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Relief could be on the way for small businesses in Massachusetts that are struggling with high health care costs.
The state's tiniest employers — those with no more than five workers, including one-person companies — will have access to cheaper health insurance under a new plan approved Thursday by the agency that oversees Massachusetts health reform.
The Commonwealth Health Insurance Connector Authority will offer the program to so-called mini businesses, which will be able to shop online for health insurance through the state.
The coverage will be cheaper than that offered by other insurance providers, in part because the program's online features have lower administrative costs, according to Rosemarie Day, deputy director of the Connector, which already offers subsidized and market-rate health insurance to eligible families and individuals in Massachusetts.
"We're very excited to try and do something for small employers in these really tough times," Day said. "We think this is a start in the right direction and we're very eager to serve them."
The program is meant to ease the burden on small businesses, which pay disproportionately high health insurance rates. The state recently held a series of hearings with health insurance companies to investigate why small employers are at a financial disadvantage in the market for coverage.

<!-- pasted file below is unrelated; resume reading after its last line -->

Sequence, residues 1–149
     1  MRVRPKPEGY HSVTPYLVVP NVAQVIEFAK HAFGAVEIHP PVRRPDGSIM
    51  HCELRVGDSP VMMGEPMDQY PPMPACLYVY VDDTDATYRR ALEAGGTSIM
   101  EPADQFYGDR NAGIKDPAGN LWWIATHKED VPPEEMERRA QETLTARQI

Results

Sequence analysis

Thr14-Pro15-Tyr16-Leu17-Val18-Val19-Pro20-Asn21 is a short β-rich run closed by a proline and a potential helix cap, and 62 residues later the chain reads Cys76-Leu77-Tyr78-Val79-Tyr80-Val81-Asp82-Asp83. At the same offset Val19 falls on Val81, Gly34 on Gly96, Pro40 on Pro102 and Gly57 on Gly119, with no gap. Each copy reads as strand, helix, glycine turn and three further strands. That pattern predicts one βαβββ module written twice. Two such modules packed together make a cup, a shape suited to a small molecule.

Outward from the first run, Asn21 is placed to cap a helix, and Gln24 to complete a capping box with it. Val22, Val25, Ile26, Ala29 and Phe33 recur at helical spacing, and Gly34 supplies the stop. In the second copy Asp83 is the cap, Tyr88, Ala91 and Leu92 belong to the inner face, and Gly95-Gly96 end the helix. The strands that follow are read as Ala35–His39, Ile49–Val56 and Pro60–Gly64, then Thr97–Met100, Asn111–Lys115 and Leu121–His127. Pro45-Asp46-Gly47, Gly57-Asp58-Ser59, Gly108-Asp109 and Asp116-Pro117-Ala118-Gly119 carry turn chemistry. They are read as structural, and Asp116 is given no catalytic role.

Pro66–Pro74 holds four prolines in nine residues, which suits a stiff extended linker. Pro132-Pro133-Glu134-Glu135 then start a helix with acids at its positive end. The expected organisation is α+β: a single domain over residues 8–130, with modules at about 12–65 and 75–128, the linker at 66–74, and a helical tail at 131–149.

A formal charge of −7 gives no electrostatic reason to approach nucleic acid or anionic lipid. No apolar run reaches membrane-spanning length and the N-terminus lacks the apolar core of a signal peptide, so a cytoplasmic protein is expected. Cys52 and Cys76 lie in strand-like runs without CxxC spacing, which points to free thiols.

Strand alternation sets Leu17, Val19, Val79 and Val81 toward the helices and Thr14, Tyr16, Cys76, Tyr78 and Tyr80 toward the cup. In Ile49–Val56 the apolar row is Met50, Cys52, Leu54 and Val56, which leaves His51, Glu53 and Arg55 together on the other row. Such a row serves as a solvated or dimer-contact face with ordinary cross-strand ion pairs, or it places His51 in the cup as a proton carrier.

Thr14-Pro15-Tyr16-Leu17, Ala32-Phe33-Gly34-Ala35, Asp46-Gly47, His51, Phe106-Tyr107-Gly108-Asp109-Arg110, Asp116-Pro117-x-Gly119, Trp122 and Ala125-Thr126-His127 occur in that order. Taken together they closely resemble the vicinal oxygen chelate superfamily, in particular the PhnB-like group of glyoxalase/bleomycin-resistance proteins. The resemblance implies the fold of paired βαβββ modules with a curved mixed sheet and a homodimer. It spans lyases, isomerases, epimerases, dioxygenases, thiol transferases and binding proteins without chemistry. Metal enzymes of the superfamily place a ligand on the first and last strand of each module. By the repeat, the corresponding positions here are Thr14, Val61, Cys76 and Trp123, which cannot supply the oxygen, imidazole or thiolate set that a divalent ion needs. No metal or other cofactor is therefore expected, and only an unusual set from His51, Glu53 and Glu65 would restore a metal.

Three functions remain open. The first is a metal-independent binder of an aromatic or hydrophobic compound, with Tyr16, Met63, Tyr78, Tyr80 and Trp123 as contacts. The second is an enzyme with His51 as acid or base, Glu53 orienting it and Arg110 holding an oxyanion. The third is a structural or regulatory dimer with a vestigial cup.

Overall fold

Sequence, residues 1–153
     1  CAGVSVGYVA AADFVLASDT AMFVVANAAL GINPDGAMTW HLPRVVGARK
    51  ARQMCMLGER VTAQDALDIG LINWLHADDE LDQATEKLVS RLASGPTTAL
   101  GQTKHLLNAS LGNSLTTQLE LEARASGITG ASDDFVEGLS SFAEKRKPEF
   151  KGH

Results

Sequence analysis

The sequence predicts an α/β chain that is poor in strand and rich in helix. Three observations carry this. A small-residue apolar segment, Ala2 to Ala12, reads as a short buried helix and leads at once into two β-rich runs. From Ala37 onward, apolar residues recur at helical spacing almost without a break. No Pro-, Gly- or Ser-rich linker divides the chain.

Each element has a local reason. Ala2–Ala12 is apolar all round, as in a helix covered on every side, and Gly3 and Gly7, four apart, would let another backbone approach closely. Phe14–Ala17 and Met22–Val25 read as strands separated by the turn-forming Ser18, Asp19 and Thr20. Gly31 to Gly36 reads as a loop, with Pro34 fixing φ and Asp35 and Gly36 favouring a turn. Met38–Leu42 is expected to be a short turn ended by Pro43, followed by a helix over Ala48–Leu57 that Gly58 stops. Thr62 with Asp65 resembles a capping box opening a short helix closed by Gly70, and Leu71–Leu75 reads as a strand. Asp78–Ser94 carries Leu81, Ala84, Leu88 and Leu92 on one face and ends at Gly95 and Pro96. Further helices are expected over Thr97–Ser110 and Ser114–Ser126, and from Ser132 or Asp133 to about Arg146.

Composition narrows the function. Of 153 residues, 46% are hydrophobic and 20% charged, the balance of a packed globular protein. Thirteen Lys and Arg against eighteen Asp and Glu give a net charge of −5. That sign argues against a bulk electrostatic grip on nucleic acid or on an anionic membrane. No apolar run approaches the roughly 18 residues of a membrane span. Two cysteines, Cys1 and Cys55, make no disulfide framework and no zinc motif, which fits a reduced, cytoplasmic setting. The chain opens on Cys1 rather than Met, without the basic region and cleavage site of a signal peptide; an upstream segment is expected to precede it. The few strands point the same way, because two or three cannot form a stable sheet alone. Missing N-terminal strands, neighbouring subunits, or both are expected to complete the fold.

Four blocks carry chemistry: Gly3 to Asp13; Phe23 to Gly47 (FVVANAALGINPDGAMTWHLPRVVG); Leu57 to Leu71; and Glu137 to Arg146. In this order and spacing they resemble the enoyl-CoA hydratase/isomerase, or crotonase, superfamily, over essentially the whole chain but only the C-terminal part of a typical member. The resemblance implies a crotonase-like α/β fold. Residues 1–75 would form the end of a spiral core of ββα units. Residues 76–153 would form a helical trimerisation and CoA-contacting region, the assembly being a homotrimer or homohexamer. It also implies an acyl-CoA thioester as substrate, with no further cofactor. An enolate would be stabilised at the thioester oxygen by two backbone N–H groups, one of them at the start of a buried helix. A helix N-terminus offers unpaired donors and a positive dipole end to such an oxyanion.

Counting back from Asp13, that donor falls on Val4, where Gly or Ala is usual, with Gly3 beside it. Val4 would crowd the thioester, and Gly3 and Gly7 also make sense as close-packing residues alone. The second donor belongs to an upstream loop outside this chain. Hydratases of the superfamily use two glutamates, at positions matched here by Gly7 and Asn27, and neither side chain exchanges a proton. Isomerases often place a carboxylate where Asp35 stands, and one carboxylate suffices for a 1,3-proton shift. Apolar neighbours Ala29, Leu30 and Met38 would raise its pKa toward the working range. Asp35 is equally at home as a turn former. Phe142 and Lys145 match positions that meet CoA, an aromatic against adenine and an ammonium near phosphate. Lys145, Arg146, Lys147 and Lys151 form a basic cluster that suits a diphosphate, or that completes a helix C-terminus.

"They're getting slammed with rate increases that they feel very powerless over," Day said. "It's always double-digit rate increases, and they don't feel like there's anywhere that they can turn."
The program should save companies about $25 per employee each month, she said, and will be up and running for certain small businesses in early April.
"I don't want to exaggerate the savings here," Day added, "but it's tangible, it's real. And so we do think people will really like having that tool at their disposal."
According to the Connector, there are at least 40,000 “mini” businesses in Massachusetts that employ at least 150,000 people.
Day said the online program should be relatively simple to use because it will offer only nine insurance plans, not the nearly 200 now available to small businesses from other insurers.
And while the Connector's program won't be capable of large-scale group purchasing that can negotiate cut-rate deals to dramatically reduce premiums, Day said, "this is a doable interim step where we can go after the administrative costs that are unduly burdensome to small employers."
This program aired on January 14, 2010. The audio for this program is not available.
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